CS: I was attracted to this brand not only because of my passion for the sport but also to the great group of people here in Bozeman. I have known owner KC Walsh for more than 20 years and have seen how his singular focus on making the best technical wading product and protective apparel has propelled this brand. EVP of marketing Al Perkinson came to us from Costa Del Mar and its strong saltwater focus and is building an exciting new brand platform to help us engage more inclusively with younger customers. VP Global Sales Mike Moore is one of my long-term fishing companions and has deep experience and contacts driving sales strategy with brands like CamelBak and Thule. Our product and operations EVP Lee Fromson has held leadership positions at REI, Cascade Designs and Goal Zero. And VP Finance Weston Fricke has been driving the company’s strategic and financial growth for almost 10 years. We also enjoy the benefits of a strategic investment relationship with Castanea Partners in Boston. They are a true partner in our business, and their advice and support will be critical to our success. The element that “sealed the deal” for me was the Bozeman operation. After years working with multinational brands that that have complex global sourcing and supply chains, it is great to see a high-end wader manufacturing facility here in Bozeman. Simms is fortunate to have 180 people that are dedicated to being a leader in everything that we do, from products to community interaction. And they are very fishy people, so I should have no shortage of fishing partners.
Where are Simms’ untapped opportunities?
CS: Our roots are in fly fishing but we know we can help all kinds of angler have better days on the water. Common ground for us is loving, respecting and enjoying our fisheries – we can appeal to any angler who is fired up about this sport. Women’s, kids, newcomers are all potential growth opportunities for the sports fishing industry and Simms.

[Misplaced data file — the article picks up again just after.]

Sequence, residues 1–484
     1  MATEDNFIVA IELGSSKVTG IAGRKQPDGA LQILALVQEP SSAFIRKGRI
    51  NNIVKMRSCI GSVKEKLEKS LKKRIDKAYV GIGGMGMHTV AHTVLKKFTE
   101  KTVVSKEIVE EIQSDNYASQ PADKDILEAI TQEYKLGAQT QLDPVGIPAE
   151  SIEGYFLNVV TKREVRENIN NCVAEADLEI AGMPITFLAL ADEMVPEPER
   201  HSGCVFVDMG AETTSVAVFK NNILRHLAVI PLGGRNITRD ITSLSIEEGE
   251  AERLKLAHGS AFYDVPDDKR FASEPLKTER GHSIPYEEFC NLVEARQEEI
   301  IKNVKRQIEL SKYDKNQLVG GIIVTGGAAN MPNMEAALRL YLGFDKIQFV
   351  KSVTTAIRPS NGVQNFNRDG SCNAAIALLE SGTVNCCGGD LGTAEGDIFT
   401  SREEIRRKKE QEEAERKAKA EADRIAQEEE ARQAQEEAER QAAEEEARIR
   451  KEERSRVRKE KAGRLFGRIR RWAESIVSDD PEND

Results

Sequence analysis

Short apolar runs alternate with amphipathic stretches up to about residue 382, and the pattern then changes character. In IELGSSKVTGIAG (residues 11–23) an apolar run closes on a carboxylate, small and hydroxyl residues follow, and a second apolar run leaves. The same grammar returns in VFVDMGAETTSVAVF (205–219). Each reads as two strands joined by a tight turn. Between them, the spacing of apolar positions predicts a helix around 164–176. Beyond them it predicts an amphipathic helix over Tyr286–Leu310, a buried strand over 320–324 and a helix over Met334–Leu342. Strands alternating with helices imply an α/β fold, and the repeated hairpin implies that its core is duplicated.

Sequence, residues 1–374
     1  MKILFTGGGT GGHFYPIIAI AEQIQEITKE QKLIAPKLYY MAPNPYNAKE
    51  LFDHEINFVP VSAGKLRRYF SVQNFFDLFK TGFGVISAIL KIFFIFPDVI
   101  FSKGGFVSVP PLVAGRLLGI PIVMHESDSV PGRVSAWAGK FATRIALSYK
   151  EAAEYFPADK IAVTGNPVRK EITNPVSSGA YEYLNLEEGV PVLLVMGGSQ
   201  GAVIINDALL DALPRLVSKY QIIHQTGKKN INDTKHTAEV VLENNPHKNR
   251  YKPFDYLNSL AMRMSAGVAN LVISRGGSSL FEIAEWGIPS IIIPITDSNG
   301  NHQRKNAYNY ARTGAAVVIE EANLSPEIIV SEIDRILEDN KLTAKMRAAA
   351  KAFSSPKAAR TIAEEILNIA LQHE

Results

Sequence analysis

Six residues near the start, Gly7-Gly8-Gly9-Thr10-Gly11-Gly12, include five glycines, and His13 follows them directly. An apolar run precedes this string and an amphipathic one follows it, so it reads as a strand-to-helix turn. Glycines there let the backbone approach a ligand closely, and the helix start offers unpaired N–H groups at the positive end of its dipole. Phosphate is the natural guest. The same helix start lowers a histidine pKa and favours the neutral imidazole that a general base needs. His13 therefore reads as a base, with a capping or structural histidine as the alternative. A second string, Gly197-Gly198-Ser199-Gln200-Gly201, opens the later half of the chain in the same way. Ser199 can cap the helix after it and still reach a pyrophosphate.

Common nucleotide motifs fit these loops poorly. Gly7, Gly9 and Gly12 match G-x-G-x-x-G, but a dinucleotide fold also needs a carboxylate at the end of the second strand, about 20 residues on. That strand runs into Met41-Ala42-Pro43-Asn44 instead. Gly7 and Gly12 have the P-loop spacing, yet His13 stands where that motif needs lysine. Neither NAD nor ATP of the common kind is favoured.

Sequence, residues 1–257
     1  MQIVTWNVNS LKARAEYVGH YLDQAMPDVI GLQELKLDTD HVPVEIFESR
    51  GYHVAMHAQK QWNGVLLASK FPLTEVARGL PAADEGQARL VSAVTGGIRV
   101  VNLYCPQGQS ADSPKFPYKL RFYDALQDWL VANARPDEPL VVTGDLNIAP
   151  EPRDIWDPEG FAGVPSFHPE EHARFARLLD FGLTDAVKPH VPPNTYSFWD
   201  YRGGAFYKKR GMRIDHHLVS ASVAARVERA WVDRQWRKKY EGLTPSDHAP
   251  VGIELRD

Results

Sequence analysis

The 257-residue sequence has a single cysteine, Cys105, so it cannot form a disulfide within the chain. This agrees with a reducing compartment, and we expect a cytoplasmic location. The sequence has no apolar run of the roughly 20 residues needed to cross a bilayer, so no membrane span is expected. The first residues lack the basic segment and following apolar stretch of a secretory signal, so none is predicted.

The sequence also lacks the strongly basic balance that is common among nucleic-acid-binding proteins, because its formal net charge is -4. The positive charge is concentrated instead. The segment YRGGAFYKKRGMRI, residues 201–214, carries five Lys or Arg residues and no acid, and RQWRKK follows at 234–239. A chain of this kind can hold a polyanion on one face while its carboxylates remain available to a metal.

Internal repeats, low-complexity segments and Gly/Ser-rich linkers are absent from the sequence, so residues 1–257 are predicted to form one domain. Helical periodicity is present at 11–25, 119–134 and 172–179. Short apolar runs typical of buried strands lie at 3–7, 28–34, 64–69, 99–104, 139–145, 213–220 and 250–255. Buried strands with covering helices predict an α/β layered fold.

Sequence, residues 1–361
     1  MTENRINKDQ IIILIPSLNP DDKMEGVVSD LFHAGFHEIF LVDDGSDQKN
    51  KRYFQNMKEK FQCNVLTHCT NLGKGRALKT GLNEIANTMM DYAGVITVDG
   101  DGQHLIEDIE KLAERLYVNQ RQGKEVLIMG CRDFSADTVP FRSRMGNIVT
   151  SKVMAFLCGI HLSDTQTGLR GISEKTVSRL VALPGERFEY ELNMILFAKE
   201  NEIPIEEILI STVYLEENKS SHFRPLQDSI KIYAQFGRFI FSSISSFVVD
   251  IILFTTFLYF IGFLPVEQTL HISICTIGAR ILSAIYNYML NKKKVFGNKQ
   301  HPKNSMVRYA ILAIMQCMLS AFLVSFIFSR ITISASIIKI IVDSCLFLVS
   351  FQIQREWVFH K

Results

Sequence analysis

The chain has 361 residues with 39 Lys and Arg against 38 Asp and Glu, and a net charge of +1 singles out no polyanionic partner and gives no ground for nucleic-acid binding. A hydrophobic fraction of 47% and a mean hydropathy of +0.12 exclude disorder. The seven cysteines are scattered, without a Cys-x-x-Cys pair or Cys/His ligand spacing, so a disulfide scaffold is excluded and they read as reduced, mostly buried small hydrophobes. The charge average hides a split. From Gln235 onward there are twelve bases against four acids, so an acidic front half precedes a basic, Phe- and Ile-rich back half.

What changes are necessary to take outerwear, sportswear and footwear to another level within Simms?
CS: We need to make the most badass technical apparel possible to allow anglers to focus on the fishing in the harshest environments, from blazing hot tropical reefs to frigid rivers, and we need to make product that simultaneously looks and functions great when we aren’t angling. That was the lesson of my experiences at brands such as Patagonia. At Simms, we are singularly focused on fishing. We are our own toughest critics and ultimate end users. If this team doesn’t believe in what we are making or want to wear it themselves, then we won’t bring it to market.
What challenges do you see ahead for the brand?
CS: Here in Montana we are increasingly affected by river dewatering and high summer temperatures. Stream access laws are continually being challenged. Mining practices, logging and global climate change are affecting water quality in freshwater rivers and lakes around the world. Our oceans are impacted by overfishing, pollution and acidification. All these environments are our customers’ playgrounds and we will add our voice on behalf of the rivers and other waters which can’t speak for themselves. With no resource, there is no fishing and no fishing related businesses, so we must not only advocate for ourselves but also all of our customers who need a healthy environment to live and play in.
What are your goals for Simms? What changes should retailers expect?